A microtasking approach alone cannot address the tough challenges we face today, the researchers have said.

The study authors explained that recent techniques provide real-time access to crowd-based inputs, where individual contributions can be processed by a computer and sent to the next person for improvement or analysis of a different kind.

This enables the construction of more flexible collaborative environments that can better a address the most challenging issues. This idea is already taking shape in several human computation projects, including YardMap.org which was launched by Cornell University in 2012 to map global conservation efforts one parcel at a time.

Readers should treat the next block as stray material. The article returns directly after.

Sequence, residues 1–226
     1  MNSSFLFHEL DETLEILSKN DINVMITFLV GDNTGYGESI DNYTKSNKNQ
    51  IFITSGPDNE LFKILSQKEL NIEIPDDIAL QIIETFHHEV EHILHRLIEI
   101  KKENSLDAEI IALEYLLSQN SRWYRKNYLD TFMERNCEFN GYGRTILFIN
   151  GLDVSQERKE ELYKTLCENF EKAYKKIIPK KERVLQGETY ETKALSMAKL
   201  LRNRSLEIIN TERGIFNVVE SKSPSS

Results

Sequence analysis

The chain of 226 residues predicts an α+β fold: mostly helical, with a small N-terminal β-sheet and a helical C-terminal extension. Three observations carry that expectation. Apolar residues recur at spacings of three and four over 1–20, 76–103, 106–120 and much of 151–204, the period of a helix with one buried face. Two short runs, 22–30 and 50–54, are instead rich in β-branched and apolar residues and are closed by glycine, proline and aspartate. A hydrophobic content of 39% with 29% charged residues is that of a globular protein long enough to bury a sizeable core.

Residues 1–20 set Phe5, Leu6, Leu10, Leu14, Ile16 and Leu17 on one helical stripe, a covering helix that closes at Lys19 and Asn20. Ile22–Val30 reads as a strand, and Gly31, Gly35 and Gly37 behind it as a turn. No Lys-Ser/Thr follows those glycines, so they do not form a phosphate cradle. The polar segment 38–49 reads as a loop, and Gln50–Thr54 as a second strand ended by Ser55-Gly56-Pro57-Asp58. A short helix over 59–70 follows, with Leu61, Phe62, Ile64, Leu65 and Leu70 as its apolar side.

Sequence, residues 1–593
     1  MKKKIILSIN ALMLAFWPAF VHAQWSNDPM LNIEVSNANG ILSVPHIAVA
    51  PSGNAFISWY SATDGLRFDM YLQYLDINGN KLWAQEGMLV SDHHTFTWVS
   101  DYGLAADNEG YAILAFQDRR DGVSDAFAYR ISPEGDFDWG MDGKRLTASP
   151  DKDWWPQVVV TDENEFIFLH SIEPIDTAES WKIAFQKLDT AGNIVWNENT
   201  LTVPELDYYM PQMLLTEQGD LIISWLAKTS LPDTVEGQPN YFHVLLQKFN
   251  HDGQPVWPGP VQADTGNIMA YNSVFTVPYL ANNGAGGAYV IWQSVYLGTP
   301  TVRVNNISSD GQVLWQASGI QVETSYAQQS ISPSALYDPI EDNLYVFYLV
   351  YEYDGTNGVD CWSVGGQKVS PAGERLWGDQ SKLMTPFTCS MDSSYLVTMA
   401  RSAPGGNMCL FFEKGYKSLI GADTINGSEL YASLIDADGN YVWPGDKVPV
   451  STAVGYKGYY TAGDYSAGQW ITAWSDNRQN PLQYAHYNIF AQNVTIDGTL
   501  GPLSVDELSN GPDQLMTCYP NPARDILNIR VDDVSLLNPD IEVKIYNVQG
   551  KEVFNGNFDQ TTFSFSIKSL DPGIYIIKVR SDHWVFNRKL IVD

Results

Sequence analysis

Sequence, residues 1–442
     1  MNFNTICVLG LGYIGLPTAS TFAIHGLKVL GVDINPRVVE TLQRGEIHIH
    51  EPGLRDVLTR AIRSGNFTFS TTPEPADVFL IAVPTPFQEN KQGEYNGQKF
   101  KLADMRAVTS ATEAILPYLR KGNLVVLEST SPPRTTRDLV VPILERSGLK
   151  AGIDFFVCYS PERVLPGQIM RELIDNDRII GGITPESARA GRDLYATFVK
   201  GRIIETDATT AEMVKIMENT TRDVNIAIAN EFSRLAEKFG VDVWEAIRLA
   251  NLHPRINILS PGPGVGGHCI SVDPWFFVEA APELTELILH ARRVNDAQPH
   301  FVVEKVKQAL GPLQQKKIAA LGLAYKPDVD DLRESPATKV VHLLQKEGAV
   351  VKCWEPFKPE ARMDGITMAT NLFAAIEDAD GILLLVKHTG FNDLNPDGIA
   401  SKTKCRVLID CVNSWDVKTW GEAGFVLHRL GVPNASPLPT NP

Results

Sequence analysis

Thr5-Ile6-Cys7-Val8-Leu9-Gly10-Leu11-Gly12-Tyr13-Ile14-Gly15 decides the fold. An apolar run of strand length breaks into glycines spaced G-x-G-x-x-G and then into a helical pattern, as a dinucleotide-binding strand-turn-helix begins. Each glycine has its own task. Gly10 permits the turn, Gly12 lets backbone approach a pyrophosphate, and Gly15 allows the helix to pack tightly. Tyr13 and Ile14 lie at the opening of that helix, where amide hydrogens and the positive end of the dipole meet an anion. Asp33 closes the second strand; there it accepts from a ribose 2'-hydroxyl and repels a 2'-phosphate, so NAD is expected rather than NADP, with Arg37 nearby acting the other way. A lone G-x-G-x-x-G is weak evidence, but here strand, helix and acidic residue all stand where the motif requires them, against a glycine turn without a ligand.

"By sharing and observing practices in a map-based social network, people can begin to relate their individual efforts to the global conservation potential of living and working landscapes," said Janis Dickinson, professor and director of citizen science at the Cornell Lab of Ornithology.

YardMap allows participants to interact and build on each other's work - something that crowdsourcing alone cannot achieve. The project serves as an important model for how such bottom-up, socially networked systems can bring about scalable changes. The researchers believe that this approach could help the university's Alzheimer's disease (AD)research.

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